“Accurately forecasting China’s annual solar [panels] demand is and will remain a challenge in the future,” said Haugwitz. He said last year’s record volume saw analysts adjusting their full-year forecast as many as half a dozen times as the year progressed.
China surpassed its 2020 target of 105GW mid last year, some three and a half years ahead of its goal announced late 2016.
The expansion meant a third of the world’s installed solar power capacity is located in China, and solar has moved up another position to become the fourth largest source of the nation’s power generation by capacity, making up 7.2 per cent of the total.
However, due to the much lower utilisation rates of solar farms relative to the mainstay coal-fired plants, solar farms contributed only 1.9 per cent of the nation’s total power output.
Solar is likely to overtake wind for the No 3 spot in terms of capacity by the end of the year, Haugwitz said.
Together with hydro plants and wind farms, the total new capacity addition from the three forms of renewable energy surpassed that of coal and natural gas for the first time in 2016.
If nuclear plants are also included as a source of clean energy, fossil fuel-fired electricity capacity addition was already eclipsed by clean energy in 2015.
The falling production costs of wind and solar energy have sparked speculation that one day the renewable energy sources will be able to compete with fossil fuel sources without government subsidies.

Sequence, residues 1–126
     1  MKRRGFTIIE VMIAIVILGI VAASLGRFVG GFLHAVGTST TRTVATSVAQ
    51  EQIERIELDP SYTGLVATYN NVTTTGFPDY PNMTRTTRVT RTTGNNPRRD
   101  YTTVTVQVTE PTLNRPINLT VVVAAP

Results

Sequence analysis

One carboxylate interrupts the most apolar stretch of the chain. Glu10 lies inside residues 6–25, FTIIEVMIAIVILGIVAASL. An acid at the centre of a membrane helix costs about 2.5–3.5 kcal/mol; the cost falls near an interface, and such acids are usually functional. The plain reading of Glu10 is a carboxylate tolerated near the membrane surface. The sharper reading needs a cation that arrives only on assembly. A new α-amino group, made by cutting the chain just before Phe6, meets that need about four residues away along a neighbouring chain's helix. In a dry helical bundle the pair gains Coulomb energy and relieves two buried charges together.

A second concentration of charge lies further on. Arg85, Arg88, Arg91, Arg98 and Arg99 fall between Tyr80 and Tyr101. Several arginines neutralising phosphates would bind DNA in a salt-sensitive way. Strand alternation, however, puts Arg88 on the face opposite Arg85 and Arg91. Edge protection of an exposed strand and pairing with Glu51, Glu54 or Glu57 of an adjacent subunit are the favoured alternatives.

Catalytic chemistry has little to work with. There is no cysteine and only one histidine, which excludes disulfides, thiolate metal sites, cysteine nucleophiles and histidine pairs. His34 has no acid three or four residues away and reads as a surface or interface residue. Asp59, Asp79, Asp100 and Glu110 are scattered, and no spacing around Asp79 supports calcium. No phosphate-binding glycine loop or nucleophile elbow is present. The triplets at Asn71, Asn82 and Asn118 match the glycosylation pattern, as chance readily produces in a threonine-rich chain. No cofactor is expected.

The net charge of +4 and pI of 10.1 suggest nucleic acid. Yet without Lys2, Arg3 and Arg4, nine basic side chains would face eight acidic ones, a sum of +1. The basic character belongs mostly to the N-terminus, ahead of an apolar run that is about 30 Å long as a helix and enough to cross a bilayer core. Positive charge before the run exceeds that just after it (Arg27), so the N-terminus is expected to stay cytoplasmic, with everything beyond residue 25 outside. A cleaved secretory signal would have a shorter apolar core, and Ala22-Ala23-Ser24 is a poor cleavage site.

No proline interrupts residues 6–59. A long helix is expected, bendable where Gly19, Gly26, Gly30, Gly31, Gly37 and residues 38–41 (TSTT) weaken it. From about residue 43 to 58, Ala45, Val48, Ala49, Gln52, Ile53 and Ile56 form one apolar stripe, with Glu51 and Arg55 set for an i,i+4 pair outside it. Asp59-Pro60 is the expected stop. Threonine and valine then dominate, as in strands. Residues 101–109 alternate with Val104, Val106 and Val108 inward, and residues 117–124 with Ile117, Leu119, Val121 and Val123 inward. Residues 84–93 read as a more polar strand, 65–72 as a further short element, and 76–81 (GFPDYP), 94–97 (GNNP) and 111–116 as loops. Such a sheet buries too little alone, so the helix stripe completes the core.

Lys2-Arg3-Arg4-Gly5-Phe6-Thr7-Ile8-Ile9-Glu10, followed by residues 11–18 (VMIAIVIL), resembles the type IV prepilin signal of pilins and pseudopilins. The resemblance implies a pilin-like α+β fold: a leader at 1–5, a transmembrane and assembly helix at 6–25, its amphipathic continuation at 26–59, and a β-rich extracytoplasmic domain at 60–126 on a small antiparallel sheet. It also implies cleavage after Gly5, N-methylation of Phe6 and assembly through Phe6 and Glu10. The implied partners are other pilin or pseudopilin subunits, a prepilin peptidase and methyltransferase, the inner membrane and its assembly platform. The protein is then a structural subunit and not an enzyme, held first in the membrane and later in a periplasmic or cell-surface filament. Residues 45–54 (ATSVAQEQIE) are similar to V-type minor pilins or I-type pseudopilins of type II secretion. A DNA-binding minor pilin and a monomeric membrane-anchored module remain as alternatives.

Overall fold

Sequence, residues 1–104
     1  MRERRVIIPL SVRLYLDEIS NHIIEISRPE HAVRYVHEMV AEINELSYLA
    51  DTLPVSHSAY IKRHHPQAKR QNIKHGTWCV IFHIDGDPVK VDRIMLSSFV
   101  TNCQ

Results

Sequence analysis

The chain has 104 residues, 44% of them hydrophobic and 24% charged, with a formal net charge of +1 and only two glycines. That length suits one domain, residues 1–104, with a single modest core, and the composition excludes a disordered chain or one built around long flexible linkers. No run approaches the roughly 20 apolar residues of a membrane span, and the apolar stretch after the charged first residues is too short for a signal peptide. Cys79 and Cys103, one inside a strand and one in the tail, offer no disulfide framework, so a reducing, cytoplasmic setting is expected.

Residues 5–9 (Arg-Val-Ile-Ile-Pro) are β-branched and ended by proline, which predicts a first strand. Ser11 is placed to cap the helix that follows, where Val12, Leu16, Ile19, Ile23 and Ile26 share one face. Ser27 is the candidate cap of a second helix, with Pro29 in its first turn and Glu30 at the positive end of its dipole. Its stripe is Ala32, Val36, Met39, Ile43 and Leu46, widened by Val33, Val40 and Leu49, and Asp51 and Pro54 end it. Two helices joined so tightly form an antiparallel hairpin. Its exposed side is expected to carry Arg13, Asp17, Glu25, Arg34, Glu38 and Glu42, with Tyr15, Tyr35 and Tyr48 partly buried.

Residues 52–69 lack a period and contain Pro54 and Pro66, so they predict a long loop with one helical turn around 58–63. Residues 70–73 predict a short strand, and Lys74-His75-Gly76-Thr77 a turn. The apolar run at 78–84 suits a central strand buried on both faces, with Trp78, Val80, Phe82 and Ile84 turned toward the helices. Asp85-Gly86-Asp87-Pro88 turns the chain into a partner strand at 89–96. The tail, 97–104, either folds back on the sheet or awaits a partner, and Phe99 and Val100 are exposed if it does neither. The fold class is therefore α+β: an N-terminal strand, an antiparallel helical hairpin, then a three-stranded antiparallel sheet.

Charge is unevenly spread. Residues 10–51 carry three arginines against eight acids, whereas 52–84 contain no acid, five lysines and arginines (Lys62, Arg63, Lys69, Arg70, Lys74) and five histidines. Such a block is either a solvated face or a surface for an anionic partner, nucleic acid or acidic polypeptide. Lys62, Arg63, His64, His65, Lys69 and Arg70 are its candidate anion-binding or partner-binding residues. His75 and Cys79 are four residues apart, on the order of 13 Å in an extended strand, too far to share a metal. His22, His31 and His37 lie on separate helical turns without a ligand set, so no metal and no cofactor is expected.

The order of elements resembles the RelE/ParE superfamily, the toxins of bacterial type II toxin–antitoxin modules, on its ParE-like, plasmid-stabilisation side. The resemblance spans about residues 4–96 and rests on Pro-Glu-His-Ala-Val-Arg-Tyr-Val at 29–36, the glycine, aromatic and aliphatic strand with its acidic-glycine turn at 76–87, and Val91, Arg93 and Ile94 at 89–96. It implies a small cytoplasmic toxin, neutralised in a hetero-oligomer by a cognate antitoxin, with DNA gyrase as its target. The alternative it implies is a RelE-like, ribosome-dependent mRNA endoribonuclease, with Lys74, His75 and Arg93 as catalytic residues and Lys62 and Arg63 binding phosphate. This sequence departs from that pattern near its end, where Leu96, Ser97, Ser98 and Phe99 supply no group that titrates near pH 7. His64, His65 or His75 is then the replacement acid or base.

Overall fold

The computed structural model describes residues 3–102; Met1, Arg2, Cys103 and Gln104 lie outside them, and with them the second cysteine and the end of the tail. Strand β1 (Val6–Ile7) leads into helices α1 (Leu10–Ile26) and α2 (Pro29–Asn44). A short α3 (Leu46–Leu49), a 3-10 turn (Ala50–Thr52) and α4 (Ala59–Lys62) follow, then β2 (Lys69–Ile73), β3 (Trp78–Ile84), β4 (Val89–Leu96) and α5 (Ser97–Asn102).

Some onshore wind farms in China were awarded to developers on a subsidy-free basis last year, with their power tariffs matching or undercutting those of coal-fired plants.
The so-called “grid parity” tariffs, where renewable energy and coal-fired energy are equally competitive on a same tariff basis, work for only for a small but growing portion of all projects.
Industry wide competitiveness of power generated from renewable sources versus fossil fuels are still years away.
“Despite recent [technological] advances, grid parity for major renewable energy sources is still several years away for most countries,” said a recent report by Lloyd’s Register.
“The industry expects parity for solar [farms] to be achieved earliest in China – by 2022 or 2023, and for wind [farms] earliest in Germany in 2024.”
However, even when a tipping point is reached several years down the road on the project level, the report pointed out that more support is needed “to tilt the energy balance decisively in renewables’ favour”.
Insufficient power grid transmission capacity and a lack of cost-efficient energy storage infrastructure “limit the impact of individual projects,” by keeping utilisation of wind and solar farms at relatively low levels, it noted.
This can be mitigated by further technological innovation that reduces the infrastructure and running costs of wind and solar farms.